Deceptive Trade Practices In Dallas And Fort Worth

Consumers in Grand Prairie, Arlington, Dallas, Fort Worth, Mansfield, Irving, De Soto, Duncanville, Cedar Hill, Lancaster, Mesquite, and other places in Texas recently got exposed to what can be called a violation of the Texas Deceptive Trade Practices Act. This argueably occurred at the Super Bowl at Cowboys Stadium.
An internet publication called the “Business Wire” ran an article on February 8, 2011. This article is titled, “Class Action Lawsuit Filed by Eagan Avenatti, LLP Against Jerry Jones, the Dallas Cowboys and the NFL over Treatment of Super Bowl Ticker Holders.” The lawsuit claims fraud on displaced fans and Cowboys Stadium “Founders.”
The article in part, tells us:
— Eagan Avenatti, LLP, a law firm specializing in consumer rights, filed a class action lawsuit earlier in the day in the United States District Court for the Northern District of Texas, Dallas Division, alleging breach of contract, fraud and deceptive sales practices by Jerry Jones, the National Football League, the Dallas Cowboys Football Club and related defendants in connection with Super Bowl XLV.
The complaint, which seeks compensary damages of over $5 Million, claims that the unlawful acts of Jones, the NFL and the Cowboys resulted in approximately 400 fans who purchased tickets and traveled to the game being denied a seat, despite having spent thousands of dollars in tickets and travel expenses to attend the Super Bowl. The complaint also alleges that Jones and the Cowboys deceived Cowboys season ticket holders known as the “Founders” into paying $1,200 a seat for Super Bowl tickets that turned out to be temporary seats with obstructed views.
The “Founders,” who collectively account for over $100 Million in personal seat licenses sold to help fund construction of the stadium, each paid at least $100,000 per seat for their seat license, which the Cowboys and Jones promised would entitle them to the “best sightlines in the stadium” and the right to purchase a ticket to the Super Bowl at face value. Instead, they arrived at the stadium to discover that they had been assigned to sit in obstructed view, temporary metal seats, which had only recently been installed in an effort to meet Jones’ goal of breaking NFL Super Bowl attendance records.
“You don’t have to own the Cowboys or run the NFL to know that you cannot lawfully treat people like this,” stated lead attorney Michael Avenatti. “At an absolute minimum, Jones, the Cowboys and the NFL need to accept full responsibility and reimburse fans one hundred percent for their expenses and damages. Anything short of that is a slap in the face to the fans of the NFL and the Cowboys.” —
The law that governs this type of wrong doing is found in part in the Texas Business & Commerce Code, Section 17.46.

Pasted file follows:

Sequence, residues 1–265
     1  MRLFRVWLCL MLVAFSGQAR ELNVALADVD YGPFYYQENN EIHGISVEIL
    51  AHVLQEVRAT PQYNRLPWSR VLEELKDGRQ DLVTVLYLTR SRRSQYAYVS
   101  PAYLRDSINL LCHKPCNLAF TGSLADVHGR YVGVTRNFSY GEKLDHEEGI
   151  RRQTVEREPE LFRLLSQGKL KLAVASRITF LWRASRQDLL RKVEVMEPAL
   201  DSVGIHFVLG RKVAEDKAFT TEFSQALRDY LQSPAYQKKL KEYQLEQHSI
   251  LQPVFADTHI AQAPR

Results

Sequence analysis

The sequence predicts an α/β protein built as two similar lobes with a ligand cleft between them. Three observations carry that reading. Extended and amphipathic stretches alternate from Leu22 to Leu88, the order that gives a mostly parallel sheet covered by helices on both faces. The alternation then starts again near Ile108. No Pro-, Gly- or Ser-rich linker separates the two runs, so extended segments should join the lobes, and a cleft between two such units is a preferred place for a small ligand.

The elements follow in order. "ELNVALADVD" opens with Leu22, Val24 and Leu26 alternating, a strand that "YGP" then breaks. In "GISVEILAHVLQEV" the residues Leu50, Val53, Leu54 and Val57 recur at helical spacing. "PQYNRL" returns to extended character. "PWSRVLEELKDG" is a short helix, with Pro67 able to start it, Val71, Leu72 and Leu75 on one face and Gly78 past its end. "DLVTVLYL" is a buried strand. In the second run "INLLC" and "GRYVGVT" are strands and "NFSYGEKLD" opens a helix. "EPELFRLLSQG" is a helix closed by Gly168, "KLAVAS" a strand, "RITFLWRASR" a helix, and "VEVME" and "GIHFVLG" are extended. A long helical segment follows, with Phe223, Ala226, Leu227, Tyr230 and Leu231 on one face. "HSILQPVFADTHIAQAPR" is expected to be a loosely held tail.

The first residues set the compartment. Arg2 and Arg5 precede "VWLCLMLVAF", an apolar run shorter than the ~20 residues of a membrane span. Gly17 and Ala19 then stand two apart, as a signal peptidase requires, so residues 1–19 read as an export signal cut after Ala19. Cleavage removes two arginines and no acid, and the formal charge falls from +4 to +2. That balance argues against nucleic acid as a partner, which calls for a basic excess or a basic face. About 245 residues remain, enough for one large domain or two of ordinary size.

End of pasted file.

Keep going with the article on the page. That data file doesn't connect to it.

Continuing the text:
Section (a) tells us, “False, misleading, or deceptive acts or practices in the conduct of any trade or commerce are hereby declared unlawful and are subject to action by the consumer protection division under Sections 17.47, 17.58, 17.60, and 17.61 of this code.
Section (b) and it’s relevant subparts say:
(b) Except as provided in Subsection (d) of this section, the term “false, misleading, or deceptive acts or practices” includes, but is not limited to, the following acts:

(5) representing that goods of services have sponsorship, approval, characteristics, ingredients, uses, benefits, or quantities which they do not have …
(7) representing that goods or services are of a particular standard, quality, or grade, or that goods are of a particular style or model, if they are of another; …
(9) advertising goods or services with intent not to sell them as advertised; …
(12) representing that an agreement confers or involves rights, remedies, or obligations which it does not have or involve, …
The above would be only a partial list of the legal claims that may be applied to the facts in the lawsuit mentioned above.
Section 17.50(b)(1) tells of the relief that may be available to the claimants above in the event they prevail after going all the way to a trial. It says:
(b) In a suit filed under this section, each consumer who prevails may obtain:
(1) the amount of economic damages found by the trier of fact. If the trier of fact finds that the conduct of the defendant was committed knowingly, the consumer may also recover damages for mental anguish, as found by the trier of fact, and the trier of fact may award not more than three times the amount of economic damages; or if the trier of fact finds the conduct was committed intentionally, the consumer may recover damages for mental anguish, as found by the trier of fact, and the trier of fact may award not more than three times the amount of damages for mental anguish and economic damages.
Violations of the Texas Deceptive Trade Practices Act can be severe. Subsection (d) allows recovery of court costs and attorneys fees.
Any time a consumer believes a business has violated one of the provisions of the Act they should consult with an attorney who handles these types of cases.